August 18, 2007

David Brainerd (1718–1747) on John 1:29 and Christ's Sufficiency

II. Considered how and in what sense he 'takes away the sin of the world:' and observed, that the means and manner, in and by which he takes away the sins of men, was his 'giving himself for them,' doing and suffering in their room and stead, &c. And he is said to take away the sin of the world, not because all the world shall actually be redeemed from sin by him; but because, (1.) He has done and suffered sufficient to answer for the sins of the world, and so to redeem all mankind. (2.) He actually does take away the sins of the elect world.
From the "Life and Diary of the Rev. David Brainerd," in The Works of Jonathan Edwards (Edinburgh: Banner of Truth Trust, 1992), 2:374.

Observe the following in the quote above:

1) The 'taking away' is the 'doing and suffering' of Christ in the stead of the 'world'.

2) This does not mean that all the 'world' shall be redeemed (the non-elect are viewed as a subset of the 'world') in the sense of being finally saved (redemption applied), but only that Christ suffered sufficiently for the world so to redeem all mankind (redemption accomplished, or paying the ransom price for all mankind).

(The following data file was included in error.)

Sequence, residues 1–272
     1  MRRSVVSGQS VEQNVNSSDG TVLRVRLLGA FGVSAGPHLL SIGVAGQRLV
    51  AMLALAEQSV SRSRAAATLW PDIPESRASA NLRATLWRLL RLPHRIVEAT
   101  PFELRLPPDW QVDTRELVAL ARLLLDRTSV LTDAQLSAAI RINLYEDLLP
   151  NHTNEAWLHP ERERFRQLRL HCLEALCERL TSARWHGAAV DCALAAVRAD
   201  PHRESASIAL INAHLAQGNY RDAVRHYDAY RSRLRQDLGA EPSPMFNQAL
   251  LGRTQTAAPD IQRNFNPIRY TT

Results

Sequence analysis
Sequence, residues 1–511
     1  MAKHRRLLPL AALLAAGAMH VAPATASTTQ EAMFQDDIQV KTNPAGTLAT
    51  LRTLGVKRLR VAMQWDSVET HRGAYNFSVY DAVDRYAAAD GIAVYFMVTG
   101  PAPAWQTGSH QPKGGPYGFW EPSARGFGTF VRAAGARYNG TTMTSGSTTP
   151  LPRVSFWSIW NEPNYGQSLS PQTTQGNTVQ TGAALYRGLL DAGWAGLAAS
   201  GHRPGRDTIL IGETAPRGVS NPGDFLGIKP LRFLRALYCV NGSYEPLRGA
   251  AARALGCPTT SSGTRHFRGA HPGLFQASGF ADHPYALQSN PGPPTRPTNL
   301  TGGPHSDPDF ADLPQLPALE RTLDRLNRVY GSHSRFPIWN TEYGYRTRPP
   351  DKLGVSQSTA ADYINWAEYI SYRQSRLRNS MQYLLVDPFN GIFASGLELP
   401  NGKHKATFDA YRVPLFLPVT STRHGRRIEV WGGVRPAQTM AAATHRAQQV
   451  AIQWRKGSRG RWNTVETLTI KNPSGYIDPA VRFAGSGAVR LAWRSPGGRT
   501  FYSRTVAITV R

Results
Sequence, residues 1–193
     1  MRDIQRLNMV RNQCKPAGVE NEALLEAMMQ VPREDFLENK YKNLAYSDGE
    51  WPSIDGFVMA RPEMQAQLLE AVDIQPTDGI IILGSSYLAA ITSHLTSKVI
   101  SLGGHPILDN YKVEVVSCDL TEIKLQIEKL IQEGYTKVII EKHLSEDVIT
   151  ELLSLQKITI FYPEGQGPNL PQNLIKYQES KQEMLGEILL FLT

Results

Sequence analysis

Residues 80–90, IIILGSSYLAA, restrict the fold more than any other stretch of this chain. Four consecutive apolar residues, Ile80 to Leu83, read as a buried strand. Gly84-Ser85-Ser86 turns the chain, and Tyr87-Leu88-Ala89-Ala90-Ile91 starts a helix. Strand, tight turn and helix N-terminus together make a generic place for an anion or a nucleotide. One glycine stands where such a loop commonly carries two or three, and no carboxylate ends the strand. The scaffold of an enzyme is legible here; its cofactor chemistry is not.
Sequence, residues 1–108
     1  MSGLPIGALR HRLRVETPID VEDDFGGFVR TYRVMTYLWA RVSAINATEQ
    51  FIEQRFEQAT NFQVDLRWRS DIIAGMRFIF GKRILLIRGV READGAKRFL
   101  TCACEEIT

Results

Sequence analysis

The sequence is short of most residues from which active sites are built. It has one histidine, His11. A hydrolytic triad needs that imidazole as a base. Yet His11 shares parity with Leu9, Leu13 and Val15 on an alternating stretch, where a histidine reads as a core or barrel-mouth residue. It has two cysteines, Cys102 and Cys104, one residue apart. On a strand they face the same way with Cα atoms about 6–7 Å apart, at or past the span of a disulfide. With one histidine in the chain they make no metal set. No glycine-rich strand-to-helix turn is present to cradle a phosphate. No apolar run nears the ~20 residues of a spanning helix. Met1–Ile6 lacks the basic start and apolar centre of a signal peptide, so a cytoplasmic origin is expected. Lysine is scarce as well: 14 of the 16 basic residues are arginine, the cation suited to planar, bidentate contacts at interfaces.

3) By saying this, Brainerd clearly uses 'world' to mean all apostate humanity on earth, i.e. all mankind.

4) He affirms that only the elect will be finally redeemed (i.e. have the redemption applied to them), which occurs when they believe.
And, secondly, I frequently endeavoured to open to them the fulness, all-sufficiency, and freeness of that redemption, which the Son of God has wrought out by his obedience and sufferings, for perishing sinners: how this provision he had made, was suited to all their wants; and how he called and invited them to accept of everlasting life freely, notwithstanding all their sinfulness, inability, unworthiness, &c.
Ibid., 2:432.

Observe in the above quote how Brainerd associates free gospel invitations with the sufficiency, suitability or ample provision of Christ's obedience and sufferings.

These theological conceptions were part of what was driving David Brainerd to fervent missionary activity among the American Indians. His free invitations for the unbelieving Indians to come to Christ could only make sense if Christ had suffered sufficiently for them, which Brainerd affirms.


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